Tech Use Planning Overview

In these days of technological developments that are increasing in an exponential fashion, it is increasingly important for schools to systematically address the role technological can and will take in their schools. Schools cannot solely provide technological gadgets and gizmos and feel they are doing well, schools must have comprehensive plans that begin with organizing a team that will go about this process, doing research to figure out what needs there are in the school and how technology can address these needs, forumlate the school’s plan and finalize it and then continuously monitor and assess the plan and make changes as necessary (Mississipi State Graduate Students, 1996). By doing this process, schools can move from what Kimball and Sibley (1998) call the ‘emergent’ technological maturity stage to the ‘intelligent’ stage of maturity.
One way that can help guide these teams of professionals that are looking to construct tech plans is to have the National Educational Technology Plan 2010 (NETP) give ideas for goals and objectives. The NETP gives recommendations in the areas of: learning, assessment, teaching, infrastructure, and productivity. By keeping these things in mind, schools can begin to develop short-term (one to two years, as technology is increasing so rapidly) plans that they will continuously revisit.
By being systematic and going through all of the stages (or the cycle) of planning, schools can begin to develop into schools that reflect the society they find themselves in in the United States, something that the NETP (2010) states as imperative. The NETP further considers assessment as an area that should be considered in planning. Schools need to be doing more with data, be more data-driven, and use technology to give feedback to the teachers and administration, the students, and the parents. By building this into a well thought out plan, schools can be transparent, make data-based decisions, and firmly place themselves in the 21st century. Furthermore, this can also lead to the ‘value-added’ idea that is being floated around these days in regards to monitoring teacher progress. Assess the teachers too!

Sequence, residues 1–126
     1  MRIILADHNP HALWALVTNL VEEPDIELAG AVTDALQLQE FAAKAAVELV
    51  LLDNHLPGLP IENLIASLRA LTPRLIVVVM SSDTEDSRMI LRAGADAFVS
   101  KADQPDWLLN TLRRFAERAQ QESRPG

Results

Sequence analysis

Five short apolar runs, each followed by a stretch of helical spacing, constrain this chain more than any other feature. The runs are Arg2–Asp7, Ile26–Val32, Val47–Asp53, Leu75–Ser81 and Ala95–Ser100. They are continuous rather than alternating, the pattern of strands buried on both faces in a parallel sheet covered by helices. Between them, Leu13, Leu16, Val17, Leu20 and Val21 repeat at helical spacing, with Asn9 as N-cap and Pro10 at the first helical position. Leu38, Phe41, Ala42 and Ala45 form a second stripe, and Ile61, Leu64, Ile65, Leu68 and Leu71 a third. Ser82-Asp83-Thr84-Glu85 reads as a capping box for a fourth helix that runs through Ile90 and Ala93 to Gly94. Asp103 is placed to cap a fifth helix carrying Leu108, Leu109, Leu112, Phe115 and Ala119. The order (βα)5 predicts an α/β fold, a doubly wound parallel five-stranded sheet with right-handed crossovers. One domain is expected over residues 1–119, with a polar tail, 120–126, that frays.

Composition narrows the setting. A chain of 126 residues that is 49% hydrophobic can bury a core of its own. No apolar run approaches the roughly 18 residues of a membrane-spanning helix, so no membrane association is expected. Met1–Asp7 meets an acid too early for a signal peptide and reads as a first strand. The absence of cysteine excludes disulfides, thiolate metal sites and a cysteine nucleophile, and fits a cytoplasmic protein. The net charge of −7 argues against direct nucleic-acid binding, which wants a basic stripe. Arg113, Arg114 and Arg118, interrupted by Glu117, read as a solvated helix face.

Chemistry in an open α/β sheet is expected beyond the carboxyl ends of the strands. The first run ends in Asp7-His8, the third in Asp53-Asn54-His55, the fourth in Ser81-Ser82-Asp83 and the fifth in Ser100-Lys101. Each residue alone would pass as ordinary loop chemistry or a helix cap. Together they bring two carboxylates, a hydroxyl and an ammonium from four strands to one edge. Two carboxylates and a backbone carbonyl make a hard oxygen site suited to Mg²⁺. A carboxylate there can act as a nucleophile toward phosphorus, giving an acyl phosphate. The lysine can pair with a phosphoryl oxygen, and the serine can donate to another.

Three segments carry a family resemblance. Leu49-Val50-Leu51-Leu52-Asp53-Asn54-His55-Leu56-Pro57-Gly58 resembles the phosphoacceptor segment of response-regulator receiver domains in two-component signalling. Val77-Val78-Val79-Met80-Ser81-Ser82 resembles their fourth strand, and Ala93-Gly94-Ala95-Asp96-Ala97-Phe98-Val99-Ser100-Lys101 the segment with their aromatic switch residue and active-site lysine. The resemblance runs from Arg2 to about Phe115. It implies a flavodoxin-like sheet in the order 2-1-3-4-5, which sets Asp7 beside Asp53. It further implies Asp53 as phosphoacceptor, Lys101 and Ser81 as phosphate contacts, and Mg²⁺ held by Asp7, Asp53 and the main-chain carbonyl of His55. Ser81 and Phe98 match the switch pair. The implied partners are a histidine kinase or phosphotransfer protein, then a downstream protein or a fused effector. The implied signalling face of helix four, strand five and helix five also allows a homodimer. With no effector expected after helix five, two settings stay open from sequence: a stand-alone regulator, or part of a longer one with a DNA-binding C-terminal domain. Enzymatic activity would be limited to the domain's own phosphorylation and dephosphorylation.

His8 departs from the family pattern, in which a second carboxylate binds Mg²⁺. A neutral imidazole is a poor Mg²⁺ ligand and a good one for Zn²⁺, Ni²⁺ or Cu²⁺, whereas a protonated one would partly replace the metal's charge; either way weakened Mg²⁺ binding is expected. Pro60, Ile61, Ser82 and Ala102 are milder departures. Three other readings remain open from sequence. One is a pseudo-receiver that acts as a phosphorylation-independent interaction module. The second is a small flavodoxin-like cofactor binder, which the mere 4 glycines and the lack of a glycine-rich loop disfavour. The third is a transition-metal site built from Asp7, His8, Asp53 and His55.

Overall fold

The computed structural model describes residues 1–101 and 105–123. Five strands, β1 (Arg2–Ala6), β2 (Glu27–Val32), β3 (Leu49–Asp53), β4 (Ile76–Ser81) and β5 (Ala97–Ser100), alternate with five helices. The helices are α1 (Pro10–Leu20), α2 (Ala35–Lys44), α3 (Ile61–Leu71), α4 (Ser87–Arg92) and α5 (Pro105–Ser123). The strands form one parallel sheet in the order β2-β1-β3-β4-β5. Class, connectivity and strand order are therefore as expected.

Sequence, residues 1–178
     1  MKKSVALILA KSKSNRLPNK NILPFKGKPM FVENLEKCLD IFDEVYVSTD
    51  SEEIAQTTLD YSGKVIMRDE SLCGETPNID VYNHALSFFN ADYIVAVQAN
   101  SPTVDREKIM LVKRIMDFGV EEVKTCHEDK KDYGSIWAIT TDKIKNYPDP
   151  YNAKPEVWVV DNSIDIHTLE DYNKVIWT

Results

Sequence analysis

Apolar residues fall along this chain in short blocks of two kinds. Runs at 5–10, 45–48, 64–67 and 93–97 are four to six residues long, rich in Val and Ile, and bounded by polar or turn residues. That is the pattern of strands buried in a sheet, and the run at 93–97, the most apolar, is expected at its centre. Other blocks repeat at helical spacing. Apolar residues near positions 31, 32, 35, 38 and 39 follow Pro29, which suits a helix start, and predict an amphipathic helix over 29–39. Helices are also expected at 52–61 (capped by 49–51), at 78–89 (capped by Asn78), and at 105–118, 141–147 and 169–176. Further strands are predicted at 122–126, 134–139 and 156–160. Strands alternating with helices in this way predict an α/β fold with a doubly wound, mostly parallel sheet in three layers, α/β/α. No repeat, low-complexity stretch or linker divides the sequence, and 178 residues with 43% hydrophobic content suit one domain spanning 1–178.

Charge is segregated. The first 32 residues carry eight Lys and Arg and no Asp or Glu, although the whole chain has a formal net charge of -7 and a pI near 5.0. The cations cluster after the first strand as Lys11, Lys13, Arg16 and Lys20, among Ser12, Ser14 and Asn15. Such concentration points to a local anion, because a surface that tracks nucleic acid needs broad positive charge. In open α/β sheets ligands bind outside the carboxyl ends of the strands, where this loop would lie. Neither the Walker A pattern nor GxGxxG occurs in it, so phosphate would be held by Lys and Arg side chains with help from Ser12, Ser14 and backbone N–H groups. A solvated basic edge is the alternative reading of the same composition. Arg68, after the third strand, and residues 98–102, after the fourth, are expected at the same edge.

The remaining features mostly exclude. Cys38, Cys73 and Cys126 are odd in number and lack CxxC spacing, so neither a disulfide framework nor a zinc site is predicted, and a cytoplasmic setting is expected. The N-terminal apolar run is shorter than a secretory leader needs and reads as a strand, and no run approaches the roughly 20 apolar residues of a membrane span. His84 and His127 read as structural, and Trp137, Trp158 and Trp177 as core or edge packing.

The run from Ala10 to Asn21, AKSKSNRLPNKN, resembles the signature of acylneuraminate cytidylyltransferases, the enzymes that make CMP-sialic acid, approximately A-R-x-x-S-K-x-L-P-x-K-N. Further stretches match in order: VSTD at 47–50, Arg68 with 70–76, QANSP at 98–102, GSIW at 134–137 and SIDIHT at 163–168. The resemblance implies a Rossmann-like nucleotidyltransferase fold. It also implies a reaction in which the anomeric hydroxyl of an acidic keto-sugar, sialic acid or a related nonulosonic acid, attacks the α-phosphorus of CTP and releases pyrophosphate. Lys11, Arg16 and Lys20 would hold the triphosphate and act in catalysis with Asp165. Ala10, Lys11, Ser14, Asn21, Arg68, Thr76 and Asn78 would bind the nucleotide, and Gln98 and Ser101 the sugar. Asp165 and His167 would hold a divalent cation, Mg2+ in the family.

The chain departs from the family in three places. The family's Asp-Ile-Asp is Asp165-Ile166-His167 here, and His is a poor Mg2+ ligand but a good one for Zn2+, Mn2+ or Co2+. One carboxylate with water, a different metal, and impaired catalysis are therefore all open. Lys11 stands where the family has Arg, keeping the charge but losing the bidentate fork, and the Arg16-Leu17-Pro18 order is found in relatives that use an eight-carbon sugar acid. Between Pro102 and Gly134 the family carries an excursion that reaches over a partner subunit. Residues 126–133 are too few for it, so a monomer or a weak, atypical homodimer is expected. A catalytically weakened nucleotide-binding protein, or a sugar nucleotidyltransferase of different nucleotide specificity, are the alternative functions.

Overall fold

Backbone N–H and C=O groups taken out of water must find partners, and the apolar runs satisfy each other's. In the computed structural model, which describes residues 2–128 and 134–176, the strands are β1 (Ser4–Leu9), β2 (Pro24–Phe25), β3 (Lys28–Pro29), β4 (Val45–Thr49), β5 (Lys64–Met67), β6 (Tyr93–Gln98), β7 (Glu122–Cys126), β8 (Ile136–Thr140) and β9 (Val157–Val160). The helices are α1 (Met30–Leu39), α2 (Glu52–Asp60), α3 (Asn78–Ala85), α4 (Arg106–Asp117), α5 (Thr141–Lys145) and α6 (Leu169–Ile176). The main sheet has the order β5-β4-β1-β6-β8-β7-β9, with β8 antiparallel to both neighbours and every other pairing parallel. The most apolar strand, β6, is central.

In addition to assessment, another theme in technology use in schools that continues to rear it’s head, is the idea of being flexible in educating the students in the U.S. (Jones, 2000; NETP, 2010); there is no overly compelling reason these days why 40 students that are around the same age have to sit in the same room, at same time, and do the same thing. Jones (2000) writes in his article about how to develop online curriculum that the model of education that was created in the 19th century remains fundamentally the same. This is problematic given that our society has changed drastically just in the last 20 years. Therefore, it is widely believed that education systems need to take into consideration the nearly constant and omnipresent internet access that abounds when thinking about how to deliver curriculum. At the very least, students may be able to become less reliant on people to come over and teacher them if they are bed ridden, and we can move away from antiquated independent learning models that seem to do a minimal amount of educating. These students who have typically been on the fringes can reconnect to the local district. And from this small goal the sky is the limit on where schools can go with being flexible in the delivery of state standards.
Personally, I have had limited views of tech use planning in the schools that I’ve worked in. That is why some areas of my current school score low in my technology maturity rankings. It seems that many schools provide computers, internet access and online gradebooks and attendance, and whatever else happens is a mystery, left up to administration or committees. That is why it’s exciting to read about what schools should be doing if they want to be ‘intelligent’ schools in regards to tech maturity. While some things on the benchmarks are so outdated it’s funny (i.e. teachers having an email address), other things are yet to be accomplished at my school (i.e. technology professional development).
I’m moving to a new school next year and am becoming excited for two reasons. Firstly, I can’t wait to see if this new school rates higher in it’s tech maturity than my current school. And secondly, I already have ascertained that there is a tech planning team at this new school that I hope to ingratiate myself with and help out. It is evident from first reading the NETP ideas and then reading the guidelines set forth by the Mississippi State graduate students, that having a computer in every class and a few computer labs is only the tip of the iceberg when it comes to integrating technology into the curriculum. It is no easy task to make and review effective plans, but it is necessary, and I hope to increasingly become a part of this evolution in education with these ideas I have garnered during this module.


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